- Any details, relevant dates, or search criteria that will help the organisation identify what you want
- How you would like to receive the information (e.g. by email, letter or speak to someone on the phone).
The ICO provides more information on its website.
What happens next?
The organisation must make a reasonable search for the information and provide it to you securely and in a way you can access it. They usually have to respond within one month, but if the request is particularly complex, they can take up to three months. If it will take longer than one month, they should let you know and tell you why.
They also have to give you other information, including:
- what they are using your data for
- who they are sharing it with
- how long they will store it
- your rights to correct inaccurate information about you, to have your information deleted, or to argue against its use
- your right to complain to the ICO
- where they got your information from
- whether they are using your information to make decisions or assessments about you by automated means, without any human involvement (known as “automated decision-making”).
Do organisations have to comply with every SAR?
Under data protection law, organisations can refuse to provide some or all of the information you request in certain circumstances, known as “exemptions”. These include:
- where they think the request is manifestly unfounded or manifestly excessive (for example, the person making the request is only doing so to cause disruption or annoyance)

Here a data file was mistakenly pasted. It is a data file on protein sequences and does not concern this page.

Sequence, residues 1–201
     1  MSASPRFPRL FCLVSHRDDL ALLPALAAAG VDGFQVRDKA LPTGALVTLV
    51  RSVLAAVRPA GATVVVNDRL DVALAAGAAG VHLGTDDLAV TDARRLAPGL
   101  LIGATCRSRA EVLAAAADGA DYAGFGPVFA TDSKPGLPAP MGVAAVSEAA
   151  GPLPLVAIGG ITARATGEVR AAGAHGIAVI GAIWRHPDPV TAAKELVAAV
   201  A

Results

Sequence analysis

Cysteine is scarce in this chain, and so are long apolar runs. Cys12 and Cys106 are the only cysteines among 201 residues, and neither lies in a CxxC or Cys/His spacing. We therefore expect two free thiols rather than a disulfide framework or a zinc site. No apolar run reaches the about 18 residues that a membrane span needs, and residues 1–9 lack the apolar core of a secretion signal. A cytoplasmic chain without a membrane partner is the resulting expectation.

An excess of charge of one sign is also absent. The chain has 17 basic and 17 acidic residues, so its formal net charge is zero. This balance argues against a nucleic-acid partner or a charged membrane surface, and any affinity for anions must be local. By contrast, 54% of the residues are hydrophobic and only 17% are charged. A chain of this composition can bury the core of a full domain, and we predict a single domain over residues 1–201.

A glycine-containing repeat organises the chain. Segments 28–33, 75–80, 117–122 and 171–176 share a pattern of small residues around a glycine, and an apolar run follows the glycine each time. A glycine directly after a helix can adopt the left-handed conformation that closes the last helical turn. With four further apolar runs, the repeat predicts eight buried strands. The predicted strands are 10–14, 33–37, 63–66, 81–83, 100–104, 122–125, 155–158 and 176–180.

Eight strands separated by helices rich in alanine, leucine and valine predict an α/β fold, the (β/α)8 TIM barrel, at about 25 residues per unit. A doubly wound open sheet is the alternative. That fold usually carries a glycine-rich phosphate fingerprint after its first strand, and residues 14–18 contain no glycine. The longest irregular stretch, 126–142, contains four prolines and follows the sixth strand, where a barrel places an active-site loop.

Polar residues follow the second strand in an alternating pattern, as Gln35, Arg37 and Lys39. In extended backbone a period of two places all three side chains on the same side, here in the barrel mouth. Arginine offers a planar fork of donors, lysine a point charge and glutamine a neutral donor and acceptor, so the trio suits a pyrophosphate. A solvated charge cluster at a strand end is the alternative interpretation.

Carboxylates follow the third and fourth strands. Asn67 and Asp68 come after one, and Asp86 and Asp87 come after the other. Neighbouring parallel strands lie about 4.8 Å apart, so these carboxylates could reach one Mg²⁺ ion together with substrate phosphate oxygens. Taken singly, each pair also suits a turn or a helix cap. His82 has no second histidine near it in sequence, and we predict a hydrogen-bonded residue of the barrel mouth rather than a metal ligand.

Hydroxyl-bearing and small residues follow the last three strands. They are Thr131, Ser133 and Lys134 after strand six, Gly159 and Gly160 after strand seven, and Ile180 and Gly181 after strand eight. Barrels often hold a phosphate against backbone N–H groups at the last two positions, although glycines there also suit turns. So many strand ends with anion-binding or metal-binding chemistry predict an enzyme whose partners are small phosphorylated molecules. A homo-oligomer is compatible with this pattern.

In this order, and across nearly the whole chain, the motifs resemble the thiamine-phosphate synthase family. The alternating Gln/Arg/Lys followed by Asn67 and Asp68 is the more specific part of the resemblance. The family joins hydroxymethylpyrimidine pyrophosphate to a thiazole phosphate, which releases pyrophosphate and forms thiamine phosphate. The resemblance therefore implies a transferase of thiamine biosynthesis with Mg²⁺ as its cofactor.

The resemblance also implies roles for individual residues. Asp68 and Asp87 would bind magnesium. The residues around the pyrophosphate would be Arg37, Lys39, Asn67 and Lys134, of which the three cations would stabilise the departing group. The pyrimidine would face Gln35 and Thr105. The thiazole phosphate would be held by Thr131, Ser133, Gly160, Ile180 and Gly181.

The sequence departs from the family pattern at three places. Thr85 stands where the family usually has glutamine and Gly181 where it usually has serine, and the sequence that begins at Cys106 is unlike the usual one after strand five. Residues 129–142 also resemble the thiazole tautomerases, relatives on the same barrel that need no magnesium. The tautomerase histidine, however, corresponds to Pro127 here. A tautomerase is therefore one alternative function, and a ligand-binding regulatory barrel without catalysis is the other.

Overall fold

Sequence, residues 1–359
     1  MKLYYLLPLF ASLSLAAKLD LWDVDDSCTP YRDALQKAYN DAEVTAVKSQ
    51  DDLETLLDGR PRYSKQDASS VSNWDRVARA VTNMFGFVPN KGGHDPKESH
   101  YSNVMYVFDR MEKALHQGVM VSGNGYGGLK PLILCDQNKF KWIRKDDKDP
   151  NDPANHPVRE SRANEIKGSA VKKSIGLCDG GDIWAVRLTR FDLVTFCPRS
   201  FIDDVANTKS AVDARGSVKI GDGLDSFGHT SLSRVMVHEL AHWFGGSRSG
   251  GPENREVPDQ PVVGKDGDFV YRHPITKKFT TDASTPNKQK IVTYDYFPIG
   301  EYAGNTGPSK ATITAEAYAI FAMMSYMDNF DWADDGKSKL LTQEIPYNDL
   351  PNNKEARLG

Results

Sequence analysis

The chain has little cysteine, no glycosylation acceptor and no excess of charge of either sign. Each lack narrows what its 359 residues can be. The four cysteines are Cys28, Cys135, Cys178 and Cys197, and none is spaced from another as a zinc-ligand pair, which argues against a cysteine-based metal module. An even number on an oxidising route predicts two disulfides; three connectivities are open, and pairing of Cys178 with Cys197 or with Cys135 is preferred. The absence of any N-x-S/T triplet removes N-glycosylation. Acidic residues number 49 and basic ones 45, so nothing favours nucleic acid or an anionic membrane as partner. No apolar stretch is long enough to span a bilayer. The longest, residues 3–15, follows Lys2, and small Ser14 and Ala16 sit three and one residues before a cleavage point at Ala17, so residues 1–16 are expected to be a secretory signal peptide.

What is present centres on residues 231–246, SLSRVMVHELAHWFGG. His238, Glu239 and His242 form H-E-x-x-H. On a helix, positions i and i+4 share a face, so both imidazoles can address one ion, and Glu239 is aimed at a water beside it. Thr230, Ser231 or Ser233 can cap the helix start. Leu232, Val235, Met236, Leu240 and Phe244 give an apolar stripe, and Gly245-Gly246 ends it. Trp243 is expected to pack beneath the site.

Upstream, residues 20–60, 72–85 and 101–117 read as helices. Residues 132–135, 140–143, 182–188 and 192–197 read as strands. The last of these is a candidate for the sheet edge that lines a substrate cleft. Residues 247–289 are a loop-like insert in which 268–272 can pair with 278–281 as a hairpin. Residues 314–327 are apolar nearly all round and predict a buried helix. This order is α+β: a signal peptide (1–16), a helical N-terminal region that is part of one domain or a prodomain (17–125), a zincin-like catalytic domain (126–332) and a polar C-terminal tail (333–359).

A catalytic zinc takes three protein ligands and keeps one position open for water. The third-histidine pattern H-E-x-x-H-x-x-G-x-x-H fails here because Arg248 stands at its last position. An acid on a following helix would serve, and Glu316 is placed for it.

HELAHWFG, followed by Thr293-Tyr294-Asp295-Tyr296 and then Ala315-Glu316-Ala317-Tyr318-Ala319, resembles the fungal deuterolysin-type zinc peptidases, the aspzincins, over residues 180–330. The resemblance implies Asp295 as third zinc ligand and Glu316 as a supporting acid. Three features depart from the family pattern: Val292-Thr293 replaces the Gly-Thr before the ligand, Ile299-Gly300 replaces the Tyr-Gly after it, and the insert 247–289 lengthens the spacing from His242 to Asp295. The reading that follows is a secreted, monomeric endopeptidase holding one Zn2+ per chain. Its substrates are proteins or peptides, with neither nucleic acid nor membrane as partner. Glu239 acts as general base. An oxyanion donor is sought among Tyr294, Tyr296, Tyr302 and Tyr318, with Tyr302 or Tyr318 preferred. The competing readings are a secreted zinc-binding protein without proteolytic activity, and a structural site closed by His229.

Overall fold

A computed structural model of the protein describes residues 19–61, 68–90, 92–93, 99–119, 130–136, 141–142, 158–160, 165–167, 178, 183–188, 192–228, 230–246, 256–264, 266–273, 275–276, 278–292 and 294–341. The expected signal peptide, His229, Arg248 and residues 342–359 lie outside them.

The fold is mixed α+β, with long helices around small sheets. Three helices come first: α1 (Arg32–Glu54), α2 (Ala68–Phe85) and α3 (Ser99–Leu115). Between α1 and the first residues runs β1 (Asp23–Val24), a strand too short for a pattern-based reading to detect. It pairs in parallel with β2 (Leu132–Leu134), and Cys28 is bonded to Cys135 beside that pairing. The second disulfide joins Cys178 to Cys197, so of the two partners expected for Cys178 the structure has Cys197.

- where sharing the information would identify other people who have not consented to having their information shared
- where sharing the information would likely cause serious harm to you or another person
- where sharing the information would make it harder for law enforcement agencies to prevent and detect crime, or arrest or prosecute offenders.
A full list of exemptions is available on the ICO’s website.
Can I challenge the outcome?
If the organisation does not give you all the information you asked for, or you are not happy with their response, you should contact them as soon as possible to let them know.
If the organisation still does not give you the information you requested, you have the right to complain to the ICO. The ICO was set up to protect information rights in the UK. The ICO can investigate your complaint, let you know if they think your rights have been breached and recommend steps that the organisation can take to put it right. The ICO is not able to award compensation, act as a representative or punish an organisation for breaching data protection law, except in the most serious cases.
To make a data protection complaint, you should contact the ICO using its online form and give it copies of any letters, emails or other evidence containing the details of your complaint. You should make your complaint within three months of your last contact with the organisation you sent the SAR to.
You can also enforce your data rights directly in the courts. If you believe that your rights have been breached, you can apply to a court for an order requiring the organisation to follow the UK GDPR.
If you want to take legal action, you should contact a solicitor specialising in data protection law.
What are my rights on this?
Find out more about your rights and how the Human Rights Act protects them